In conversation I started asking about his personal life and if there had been any setbacks or changes that might have impacted his mindset, concentration and patience. We immediately found the source of his issues:

he had lost his day job at a certain point, and despite the fact that he found a new and more rewarding job in just over one month, his mindet change had persisted and he had not been able to shake it.

This is yet again a confirmation of just how important our mindset is when we approach the markets. A good trader with a good system can fail to produce good results if his mind is polluted with:

  • worry: a tension produced by imagining future potential outcomes, which takes the focus away from the present.
  • ambition: a dissatisfaction with yourself and your activities, which can distort reality since the focus is always on the next objective and never on the process.
  • anger: a destructive emotion that can destroy any initiative.
  • avarice: believing that you need certain things when you probably don’t; the feeling that what you depend on will be taken from you.
  • envy: an irrational comparison between what you have and what others have achieved.
  • pride: a need to impress or demonstrate something.

The Bible says that the battleground between good and evil is in our minds for it is written:

Be sober-minded; be watchful. Your adversary the devil prowls around like a roaring lion, seeking someone to devour. – 1 Peter 5:8 

and also

For the mind that is set on the flesh is hostile to God, for it does not submit to God’s law; indeed, it cannot. – Romans 8:7

I’m not here to discuss your personal beliefs but if you scan your conscience, I believe you will recognize this inescapable truth: our minds are capable of great inventiveness, creativity and clarity which enable us to overcome obstacles and make headway in our trading; but without having a disciplined mind, we can warp and deform our reality, bringing fourth fears and frustrations that remove clarity and impair good trading decisions.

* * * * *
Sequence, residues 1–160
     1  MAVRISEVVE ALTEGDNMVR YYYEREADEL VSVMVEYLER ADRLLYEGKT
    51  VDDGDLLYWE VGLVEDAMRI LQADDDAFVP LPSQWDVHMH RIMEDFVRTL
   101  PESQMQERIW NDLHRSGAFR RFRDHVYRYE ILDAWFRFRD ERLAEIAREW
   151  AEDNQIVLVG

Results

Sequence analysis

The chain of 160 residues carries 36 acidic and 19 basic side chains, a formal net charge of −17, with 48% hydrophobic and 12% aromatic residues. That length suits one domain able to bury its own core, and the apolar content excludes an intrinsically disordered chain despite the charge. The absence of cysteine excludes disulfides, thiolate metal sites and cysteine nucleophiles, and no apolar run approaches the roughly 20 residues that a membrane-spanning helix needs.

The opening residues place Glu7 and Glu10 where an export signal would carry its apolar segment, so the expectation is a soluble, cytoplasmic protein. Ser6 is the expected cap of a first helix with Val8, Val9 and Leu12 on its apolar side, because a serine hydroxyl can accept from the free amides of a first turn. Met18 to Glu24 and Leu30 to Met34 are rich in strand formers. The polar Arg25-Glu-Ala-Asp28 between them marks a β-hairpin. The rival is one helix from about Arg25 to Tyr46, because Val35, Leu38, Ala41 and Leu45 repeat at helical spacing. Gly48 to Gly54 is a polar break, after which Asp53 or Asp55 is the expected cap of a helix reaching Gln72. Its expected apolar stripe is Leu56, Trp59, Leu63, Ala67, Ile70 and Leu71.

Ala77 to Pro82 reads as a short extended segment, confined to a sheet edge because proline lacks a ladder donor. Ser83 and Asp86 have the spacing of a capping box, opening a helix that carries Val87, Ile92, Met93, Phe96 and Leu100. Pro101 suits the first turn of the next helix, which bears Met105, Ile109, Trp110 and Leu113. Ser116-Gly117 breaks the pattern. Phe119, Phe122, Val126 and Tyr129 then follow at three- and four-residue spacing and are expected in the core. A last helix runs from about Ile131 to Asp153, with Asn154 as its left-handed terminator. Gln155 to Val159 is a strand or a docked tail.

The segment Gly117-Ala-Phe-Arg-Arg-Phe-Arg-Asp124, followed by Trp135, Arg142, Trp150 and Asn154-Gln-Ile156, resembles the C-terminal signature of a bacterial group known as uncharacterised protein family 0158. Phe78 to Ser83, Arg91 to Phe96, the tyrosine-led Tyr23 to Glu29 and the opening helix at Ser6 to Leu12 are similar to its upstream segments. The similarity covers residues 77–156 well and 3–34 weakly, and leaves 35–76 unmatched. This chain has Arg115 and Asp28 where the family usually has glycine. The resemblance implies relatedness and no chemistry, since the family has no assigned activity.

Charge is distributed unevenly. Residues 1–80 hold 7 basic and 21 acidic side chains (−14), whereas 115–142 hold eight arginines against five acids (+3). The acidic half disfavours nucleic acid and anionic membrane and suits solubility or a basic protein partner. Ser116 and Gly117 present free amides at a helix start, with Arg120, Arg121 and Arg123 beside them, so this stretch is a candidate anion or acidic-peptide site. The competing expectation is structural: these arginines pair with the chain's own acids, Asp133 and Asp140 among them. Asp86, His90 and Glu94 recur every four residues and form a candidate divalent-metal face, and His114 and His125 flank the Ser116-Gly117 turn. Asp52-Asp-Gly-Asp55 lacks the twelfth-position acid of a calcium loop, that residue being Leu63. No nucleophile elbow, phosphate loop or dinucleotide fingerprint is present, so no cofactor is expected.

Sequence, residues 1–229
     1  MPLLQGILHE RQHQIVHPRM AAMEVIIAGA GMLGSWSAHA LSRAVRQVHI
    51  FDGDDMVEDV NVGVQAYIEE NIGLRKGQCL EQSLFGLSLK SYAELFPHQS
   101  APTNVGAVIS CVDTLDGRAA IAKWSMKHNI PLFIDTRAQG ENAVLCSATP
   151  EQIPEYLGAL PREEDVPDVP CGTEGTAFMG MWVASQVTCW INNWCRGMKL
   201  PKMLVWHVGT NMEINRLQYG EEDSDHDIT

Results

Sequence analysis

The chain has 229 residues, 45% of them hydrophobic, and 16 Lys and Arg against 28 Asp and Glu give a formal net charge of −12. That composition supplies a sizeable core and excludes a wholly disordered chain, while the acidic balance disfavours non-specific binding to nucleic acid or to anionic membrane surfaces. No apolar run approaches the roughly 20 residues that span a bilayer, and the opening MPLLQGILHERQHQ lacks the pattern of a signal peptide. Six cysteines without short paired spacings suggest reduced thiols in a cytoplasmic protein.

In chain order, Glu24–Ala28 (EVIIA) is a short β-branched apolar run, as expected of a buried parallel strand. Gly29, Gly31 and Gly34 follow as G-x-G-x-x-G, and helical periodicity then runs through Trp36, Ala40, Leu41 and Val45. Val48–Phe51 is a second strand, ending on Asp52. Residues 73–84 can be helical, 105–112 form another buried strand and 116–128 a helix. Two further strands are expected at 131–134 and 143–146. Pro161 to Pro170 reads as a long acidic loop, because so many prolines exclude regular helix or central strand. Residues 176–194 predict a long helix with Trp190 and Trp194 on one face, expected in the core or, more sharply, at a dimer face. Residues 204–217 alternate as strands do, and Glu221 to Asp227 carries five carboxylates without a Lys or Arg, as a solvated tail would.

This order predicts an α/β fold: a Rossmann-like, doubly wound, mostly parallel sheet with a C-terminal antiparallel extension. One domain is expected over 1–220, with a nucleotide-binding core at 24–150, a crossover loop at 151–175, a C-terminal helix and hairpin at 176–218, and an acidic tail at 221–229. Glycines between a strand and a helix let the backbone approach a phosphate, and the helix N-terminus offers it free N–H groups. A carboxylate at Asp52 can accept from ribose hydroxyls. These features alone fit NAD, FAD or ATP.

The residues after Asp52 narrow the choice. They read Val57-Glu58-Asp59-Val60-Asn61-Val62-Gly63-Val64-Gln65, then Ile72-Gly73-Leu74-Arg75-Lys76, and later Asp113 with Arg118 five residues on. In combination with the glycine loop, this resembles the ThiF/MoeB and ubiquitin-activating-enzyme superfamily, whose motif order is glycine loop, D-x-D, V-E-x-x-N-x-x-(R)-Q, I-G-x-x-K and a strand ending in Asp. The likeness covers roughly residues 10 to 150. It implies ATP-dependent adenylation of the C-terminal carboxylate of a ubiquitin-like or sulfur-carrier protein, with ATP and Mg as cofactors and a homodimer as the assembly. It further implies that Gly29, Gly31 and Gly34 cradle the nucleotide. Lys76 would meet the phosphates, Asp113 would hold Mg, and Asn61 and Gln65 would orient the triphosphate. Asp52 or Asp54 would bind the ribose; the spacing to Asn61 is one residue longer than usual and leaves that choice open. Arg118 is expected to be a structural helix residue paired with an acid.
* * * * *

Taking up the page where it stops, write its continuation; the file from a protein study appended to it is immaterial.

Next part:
Perhaps it’s a dumb example, but I’m going to tell you anyhow: I dislike most TV series and soap operas because more often than not they are entirely based on an improper way of using the mind. Here’s the dynamic that usually goes on:

Basically role models in these tv shows rarely face reality objectively. If one person says “A” they are always looking for a what is not being said. “He said A but did he mean ABC? After all, he was over in that part of the city with QQQ yesterday and may be actually changing his idea about XYZ…”.

To make matters worse, the role models will then act upon their own projection of reality (what they think was said) instead of actual reality (he said “A”).  So it is uneducational to say the least, and outright annoying to people that respect honesty and truth above all else.

Bottom line: if you want to be a good trader, remain anchored to reality and be very disciplined with your mind.

Variations on a Theme

What threw this trader off balance was a variation on the classic theme of having to trade for a living. Whenever money becomes the goal of your trading, you will be unable to properly confront the market.

It doesn’t matter how experienced you are: the pressure to make money from the markets will take it’s toll on you personally and financially. That’s why I suggest a better way to go about your trading.

Over to You

The “cure” for this trader was to recognize the origin of this negative spiral, and to put into perspective the negative effects that his unemployment had on his mindset. We removed pressure to perform, we removed expectation, we sought peace of mind and focused on ways to find peace before confronting the markets after work.

So my question to you is this: are you also putting unncessary pressure on yourself? What could you do to release that pressure and focus on the process and not worry about the money you will make or lose in the markets?

About the Author

Justin is a Forex trader and Coach. He is co-owner of, a provider of Forex signals and Education from ex-bank and hedge fund traders (get a free trial), or get FREE access to the Advanced Forex Course for Smart Traders. If you like his writing you can subscribe to the newsletter for free.